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    Updated on Feb 27, 2019. Posted on Jun 15, 2017

    15 Crazy Little Details In "Wonder Woman" You 100% Missed

    Did you catch that Rosie the Riveter reference? (Spoilers ahead.)

    1. If the scene in which Diana shields Steve from gunfire seems familiar, there's good reason: It's an homage to Clark Kent doing the same for Lois Lane in Superman (1978).

    Warner Bros.

    2. Her glasses and hat — the staples of Clark Kent's iconic disguise — really drive the point home.

    Warner Bros.

    3. This shot, on the other hand, of Diana using her arm to deflect a bullet, is a direct nod to the iconic Rosie the Riveter poster, whose subject is often regarded as a feminist icon.

    Westinghouse Electric / Warner Bros.

    4. Her blue dress at the banquet is strikingly similar to a dress Lynda Carter wore in an episode of the Wonder Woman TV series.

    5. It also puts her in a long line of bold female characters who find themselves exploring ~a whole new world.~

    Warner Bros.
    Disney
    Metro-Goldwyn-Mayer

    Allure's Calin Van Paris notes that blue dresses "[seem] to be a favorite of ingenues soon to embark on an adventure outside of their realm of experience."

    6. The gala attendee Diana gets the dress from is also important — it's none other than Fausta Grables.

    Warner Bros.

    In the Wonder Woman comics and TV series, Grables is a Nazi agent who Hitler directs to capture Wonder Woman.

    7. The white peacocks on Themyscira are hugely symbolic: Male peacocks are known for their brightly colored feathers and showy mating rituals, so these peacocks, with white, lowered feathers, underscore the female dominion of the island.

    Warner Bros.

    8. Themyscira is also filled with circles and spirals and thereby avoids phallic imagery almost entirely.

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    9. The German lifeboats bear the name Schwaben, which was the name of an actual German ship that, in 1905, replaced the battleship Mars — the Roman name of the Greek god ARES!

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    10. But that's not the only historical connection: Erich Ludendorff was an actual German general during World War I.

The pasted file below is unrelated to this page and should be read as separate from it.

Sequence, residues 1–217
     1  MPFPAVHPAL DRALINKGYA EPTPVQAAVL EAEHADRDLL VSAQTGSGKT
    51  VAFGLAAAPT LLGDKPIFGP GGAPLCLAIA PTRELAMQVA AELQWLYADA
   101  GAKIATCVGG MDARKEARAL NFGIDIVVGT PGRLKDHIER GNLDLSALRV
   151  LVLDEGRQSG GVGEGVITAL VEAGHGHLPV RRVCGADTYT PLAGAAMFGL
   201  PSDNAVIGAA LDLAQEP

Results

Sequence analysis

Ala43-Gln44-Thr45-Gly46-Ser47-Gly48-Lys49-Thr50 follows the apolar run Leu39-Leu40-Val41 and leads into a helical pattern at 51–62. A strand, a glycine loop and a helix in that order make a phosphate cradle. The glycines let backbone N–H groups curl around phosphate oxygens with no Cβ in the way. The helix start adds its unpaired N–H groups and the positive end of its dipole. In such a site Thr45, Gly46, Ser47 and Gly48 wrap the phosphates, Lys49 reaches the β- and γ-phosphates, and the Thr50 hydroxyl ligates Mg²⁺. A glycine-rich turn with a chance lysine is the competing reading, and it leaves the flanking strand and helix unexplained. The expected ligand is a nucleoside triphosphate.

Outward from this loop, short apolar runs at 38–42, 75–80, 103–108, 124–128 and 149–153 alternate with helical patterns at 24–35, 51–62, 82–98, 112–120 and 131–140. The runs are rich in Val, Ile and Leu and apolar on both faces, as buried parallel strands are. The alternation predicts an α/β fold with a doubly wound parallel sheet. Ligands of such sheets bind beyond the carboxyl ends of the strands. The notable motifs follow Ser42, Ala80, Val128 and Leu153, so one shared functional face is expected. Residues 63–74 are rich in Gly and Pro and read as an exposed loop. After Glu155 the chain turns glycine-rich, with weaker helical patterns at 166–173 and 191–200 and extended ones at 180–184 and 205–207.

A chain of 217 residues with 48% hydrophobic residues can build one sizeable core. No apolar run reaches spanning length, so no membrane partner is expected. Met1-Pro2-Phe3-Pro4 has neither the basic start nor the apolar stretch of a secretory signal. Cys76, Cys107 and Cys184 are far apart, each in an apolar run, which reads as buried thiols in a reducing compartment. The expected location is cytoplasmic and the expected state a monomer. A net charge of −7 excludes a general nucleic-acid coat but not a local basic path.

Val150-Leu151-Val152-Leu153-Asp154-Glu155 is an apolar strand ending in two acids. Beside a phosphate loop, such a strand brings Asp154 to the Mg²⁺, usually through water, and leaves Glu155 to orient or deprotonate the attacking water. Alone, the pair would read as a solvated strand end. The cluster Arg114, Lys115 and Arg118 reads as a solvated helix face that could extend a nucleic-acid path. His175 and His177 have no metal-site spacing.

Warner Bros.

    Ludendorff's account of the war — basically that Germany had lost because it was betrayed by German civilians back home — was used as Nazi propaganda in the party's rise to power.

    11. At the department store, Etta tells Steve that Diana is on "outfit #226" — which just so happens to be the number of the last issue of the Wonder Woman comic that ran from 1987 to 2006.

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    DC Comics

    12. While his character's backstory wasn't completely revealed in Wonder Woman, Saïd Taghmaoui, who plays Sameer, has suggested he might be a member of the Blackhawks.

    Via Twitter: @SaidTaghmaoui

    In DC Comics, the Blackhawk Squadron is a group of ace pilots who fight alongside the Allies.

    13. Squint hard, and you can see Batman v. Superman: Dawn of Justice director Zach Snyder as a soldier behind Wonder Woman & Co. in Veld, Belgium.

    Warner Bros.
    Alberto E. Rodriguez / Getty Images

    14. Dr. Maru, dressed in military green, never actually wears her protective goggles as Dr. Poison does in the comics.

    Warner Bros.
    DC Comics

    15. Finally, the scene in which Steve detonates Dr. Maru's weapons high above Earth recalls a similar scene in another movie explicitly about good and evil: Dan Brown's Angels & Demons.

    Columbia Pictures

    In Angels & Demons, the Camerlengo flies a helicopter with the volatile antimatter on board high above the Vatican in order to save everyone upon the substance's explosion.

    Did we miss something? Let us know in the comments below!

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